Friday, February 5, 2016

We All Shout for Shout Outs!

After more than two years of silence, it is time to reawaken and reinvigorate this blog.  I got busy.  You know how that goes.

In addition to sharing cool tools I hear about, I thought this would be the perfect place to brag a little about the AMAZING educators I am privileged to work alongside and support.  Some of my posts to this blog will be "shout outs" to the teachers, librarians, administrators, coaches, aides, and other professionals who make my job as Director of Learning, Innovation and Design for Harker's upper school an absolute dream.

I am hoping that my colleagues will start to "turn each other in" to me as bragworthy, since I am not always able to know what is happening in every classroom and department.  Sometimes, teachers come to me for help with ideas they have.  Sometimes, I approach teachers to help me try something out.  Other times, I hear about cool stuff from students or colleagues.  If you're reading this, and you are at the upper school campus of The Harker School, please do let me know about the cool stuff you find out is happening around us.

The first "shout out" I want to share is near and dear to me for personal reasons.  Very few people know that when I was just starting high school, I had dreams of becoming a marine biologist.  High school chemistry pretty much crushed that dream for me, and I think things turned out all right in the end, but imagine my delight when Dr. Kate Schafer, teacher of biology, evolution, food science, and marine biology, approached me for ideas about some projects in her marine biology class.

Kate began by telling me that her students have five major projects over the course of the semester, and that she had absolutely had her fill of students with bullet-point-riddled slides mumbling what WE COULD ALREADY READ on those slides.  She declared an end to lame "death by PowerPoint" student projects.  So we met last spring with Librarian Extraordinaire Lauri Vaughan to brainstorm some solutions.  The outcome, after lots of laughter and fun/wacky possibilities, were three new projects that emerged from our process.

1. Currents projects using Google MyMaps: Dr. Schafer has a number of true scenarios from history and current events that involve the impact and "behavior" of currents.  For my example, I used the Lego spill off the coast of Cornwall, England.  We encouraged students to include pictures or videos, lines showing the paths of the currents involved in their "stories," and place markers to show important locations, with descriptions of how these places played a part in the assigned scenario.  Two student samples include Benjamin Franklin's Discovery of the effects of the gulf stream on translatlantic travel and the Nike Shoe Spill.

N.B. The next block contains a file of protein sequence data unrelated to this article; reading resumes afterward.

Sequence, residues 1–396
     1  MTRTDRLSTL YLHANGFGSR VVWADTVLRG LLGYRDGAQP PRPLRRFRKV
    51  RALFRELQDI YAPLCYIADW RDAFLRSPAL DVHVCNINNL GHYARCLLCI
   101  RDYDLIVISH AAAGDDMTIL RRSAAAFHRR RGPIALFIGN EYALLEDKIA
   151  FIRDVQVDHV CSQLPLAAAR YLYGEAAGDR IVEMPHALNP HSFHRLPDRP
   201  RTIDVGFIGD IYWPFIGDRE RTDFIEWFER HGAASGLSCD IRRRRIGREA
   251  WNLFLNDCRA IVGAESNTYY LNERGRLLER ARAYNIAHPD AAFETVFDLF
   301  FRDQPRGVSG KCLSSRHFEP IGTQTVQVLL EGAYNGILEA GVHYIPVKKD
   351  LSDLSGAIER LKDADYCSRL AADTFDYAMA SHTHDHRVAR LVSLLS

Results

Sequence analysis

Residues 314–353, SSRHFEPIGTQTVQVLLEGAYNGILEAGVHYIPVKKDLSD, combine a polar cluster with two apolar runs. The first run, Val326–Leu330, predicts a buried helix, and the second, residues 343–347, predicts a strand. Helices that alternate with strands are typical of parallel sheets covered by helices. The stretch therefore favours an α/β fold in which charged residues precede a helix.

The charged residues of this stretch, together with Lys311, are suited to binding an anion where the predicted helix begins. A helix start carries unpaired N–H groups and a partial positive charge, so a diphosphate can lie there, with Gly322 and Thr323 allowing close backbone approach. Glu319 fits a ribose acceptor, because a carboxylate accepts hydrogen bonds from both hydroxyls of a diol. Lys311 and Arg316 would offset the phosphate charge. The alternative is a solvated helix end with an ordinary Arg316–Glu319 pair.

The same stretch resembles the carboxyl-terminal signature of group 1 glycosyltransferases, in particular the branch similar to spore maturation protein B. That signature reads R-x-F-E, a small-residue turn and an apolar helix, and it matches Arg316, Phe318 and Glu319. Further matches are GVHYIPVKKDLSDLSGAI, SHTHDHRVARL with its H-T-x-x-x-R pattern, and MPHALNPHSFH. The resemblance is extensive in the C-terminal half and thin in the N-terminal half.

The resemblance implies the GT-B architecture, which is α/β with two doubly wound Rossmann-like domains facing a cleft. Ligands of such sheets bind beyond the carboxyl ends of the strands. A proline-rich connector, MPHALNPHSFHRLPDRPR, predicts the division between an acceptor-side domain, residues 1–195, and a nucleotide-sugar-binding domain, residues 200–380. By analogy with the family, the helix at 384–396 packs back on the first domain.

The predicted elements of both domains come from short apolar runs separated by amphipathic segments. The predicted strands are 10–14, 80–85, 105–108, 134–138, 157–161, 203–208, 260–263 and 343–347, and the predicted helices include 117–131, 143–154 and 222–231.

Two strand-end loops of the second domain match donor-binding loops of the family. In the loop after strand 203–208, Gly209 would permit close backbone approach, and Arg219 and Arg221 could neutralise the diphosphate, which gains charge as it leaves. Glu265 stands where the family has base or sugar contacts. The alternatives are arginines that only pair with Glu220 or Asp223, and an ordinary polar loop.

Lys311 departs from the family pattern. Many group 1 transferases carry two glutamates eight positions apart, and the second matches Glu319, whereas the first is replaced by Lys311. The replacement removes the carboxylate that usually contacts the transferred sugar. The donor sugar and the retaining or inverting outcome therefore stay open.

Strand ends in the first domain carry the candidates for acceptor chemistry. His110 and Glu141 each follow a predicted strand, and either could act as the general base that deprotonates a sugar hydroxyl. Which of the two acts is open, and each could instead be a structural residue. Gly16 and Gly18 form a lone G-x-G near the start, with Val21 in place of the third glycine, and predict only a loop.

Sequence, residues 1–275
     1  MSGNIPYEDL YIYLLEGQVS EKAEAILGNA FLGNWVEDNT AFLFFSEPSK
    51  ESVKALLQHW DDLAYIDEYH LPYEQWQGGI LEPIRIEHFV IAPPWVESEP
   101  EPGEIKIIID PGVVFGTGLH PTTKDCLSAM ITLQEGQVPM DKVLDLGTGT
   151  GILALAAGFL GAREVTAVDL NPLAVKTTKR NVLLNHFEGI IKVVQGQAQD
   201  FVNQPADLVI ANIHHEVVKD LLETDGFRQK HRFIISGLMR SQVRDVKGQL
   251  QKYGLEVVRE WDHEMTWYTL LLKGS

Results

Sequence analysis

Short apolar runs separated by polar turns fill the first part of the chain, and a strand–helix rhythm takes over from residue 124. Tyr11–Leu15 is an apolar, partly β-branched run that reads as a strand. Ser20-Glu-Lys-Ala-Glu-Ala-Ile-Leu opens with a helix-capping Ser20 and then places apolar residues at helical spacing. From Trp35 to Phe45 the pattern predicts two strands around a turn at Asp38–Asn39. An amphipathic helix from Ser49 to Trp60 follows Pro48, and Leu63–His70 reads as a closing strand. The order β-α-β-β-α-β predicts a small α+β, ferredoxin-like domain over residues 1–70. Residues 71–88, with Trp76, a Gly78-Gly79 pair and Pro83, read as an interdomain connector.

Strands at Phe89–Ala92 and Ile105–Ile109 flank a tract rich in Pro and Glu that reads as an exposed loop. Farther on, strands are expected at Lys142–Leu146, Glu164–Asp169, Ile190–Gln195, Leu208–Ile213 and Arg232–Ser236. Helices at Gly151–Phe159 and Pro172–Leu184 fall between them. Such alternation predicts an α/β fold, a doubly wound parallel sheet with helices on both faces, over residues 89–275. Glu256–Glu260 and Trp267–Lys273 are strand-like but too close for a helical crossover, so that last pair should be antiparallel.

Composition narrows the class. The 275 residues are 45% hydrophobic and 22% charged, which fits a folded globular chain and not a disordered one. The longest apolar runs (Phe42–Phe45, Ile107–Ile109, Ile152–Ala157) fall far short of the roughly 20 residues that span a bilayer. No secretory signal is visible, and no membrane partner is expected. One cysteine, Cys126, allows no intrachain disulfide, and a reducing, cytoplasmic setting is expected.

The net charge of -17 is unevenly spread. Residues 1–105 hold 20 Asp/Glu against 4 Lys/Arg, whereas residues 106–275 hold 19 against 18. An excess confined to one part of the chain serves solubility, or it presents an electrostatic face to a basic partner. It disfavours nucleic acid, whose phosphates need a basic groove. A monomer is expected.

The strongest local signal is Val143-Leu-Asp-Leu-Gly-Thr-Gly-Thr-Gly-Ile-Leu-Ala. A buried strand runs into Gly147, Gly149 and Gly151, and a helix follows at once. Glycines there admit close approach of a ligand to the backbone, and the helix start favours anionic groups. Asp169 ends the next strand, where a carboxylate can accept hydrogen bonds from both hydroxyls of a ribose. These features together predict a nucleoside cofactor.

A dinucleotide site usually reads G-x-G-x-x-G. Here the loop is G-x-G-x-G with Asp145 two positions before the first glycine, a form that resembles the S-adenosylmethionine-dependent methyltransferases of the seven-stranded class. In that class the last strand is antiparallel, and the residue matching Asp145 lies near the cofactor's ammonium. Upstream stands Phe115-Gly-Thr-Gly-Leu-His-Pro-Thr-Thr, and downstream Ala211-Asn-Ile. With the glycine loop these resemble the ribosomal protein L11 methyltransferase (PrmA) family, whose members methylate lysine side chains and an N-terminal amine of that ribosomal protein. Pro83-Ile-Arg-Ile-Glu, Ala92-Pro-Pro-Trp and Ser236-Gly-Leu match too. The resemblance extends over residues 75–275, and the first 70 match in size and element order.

2. Top Ten Things You Didn't Know About a Little-Known Phylum: Each student is assigned a taxonomic phylum of organisms which people usually don't even know exist.  We still have them make slides, but we take the emphasis away from text on the slides and have the students create screencasts of their slides, with the narration taking the place of on-screen text.  Visuals are key to the effectiveness of this project.  But given that some of the organisms are tiny and uncommon, it can be hard to locate visuals to use.  So the research itself became somewhat of a scavenger hunt for both information and images.  My screencast on Gnathostomulida, or jaw worms, taught me a lot about the organism as well as the process.  Here's Helen's video about Pogonophora and Eliot's video about Radiolarians, just to give you a taste of some of the students' finished products.

3. Marine Mammal Song Parodies: Partly because I already love making song parodies, and partly because Dr. Schafer assigned me humpback whales, one of my absolute favorite creatures EVER, this was bound to be my favorite of the three projects.  But I think it's also because I saw the students really stretch and grow and enjoy themselves during this challenging assignment.  For me, using the song we performed in last year's HOscars (Love Shack) made it even more fun.  The students chose a variety of songs, many of which were unfamiliar to me, and had to do a lot of collaboration and decision making to get a successful outcome.  Many students parodied songs this blog's audience won't recognize, but here are two you'll definitely recognize and enjoy: I Am A Walrus and Enhydra Lutris (about sea otters!).

Not only did I get to work with these wonderful and creative students several times over the course of the semester, they delighted me, their teacher, their peers, and now YOU, dear reader, with their fantastic products that truly demonstrate how well they've learned the content of their class.  And best of all, no more boring slide presentations!

Friday, October 18, 2013

Ten Words to Cut from Your Writing

I don't usually even read Entrepreneur, and I contend that some of these words can be used occasionally, depending on need and poetic license.

Tuesday, October 8, 2013

I love my son's science teacher.